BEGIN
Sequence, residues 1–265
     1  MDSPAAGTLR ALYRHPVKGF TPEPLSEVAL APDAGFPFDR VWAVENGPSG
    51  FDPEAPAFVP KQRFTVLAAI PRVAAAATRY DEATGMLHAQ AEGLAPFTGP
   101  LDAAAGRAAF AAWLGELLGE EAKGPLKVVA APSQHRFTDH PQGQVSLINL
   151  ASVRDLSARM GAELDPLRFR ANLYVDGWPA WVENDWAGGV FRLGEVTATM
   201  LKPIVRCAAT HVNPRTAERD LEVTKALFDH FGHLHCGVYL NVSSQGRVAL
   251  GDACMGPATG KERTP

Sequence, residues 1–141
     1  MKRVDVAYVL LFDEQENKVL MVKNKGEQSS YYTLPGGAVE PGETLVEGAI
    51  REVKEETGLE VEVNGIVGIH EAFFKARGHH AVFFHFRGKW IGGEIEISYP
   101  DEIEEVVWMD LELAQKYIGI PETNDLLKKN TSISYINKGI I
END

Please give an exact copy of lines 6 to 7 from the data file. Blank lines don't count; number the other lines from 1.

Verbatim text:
   201  LKPIVRCAAT HVNPRTAERD LEVTKALFDH FGHLHCGVYL NVSSQGRVAL
   251  GDACMGPATG KERTP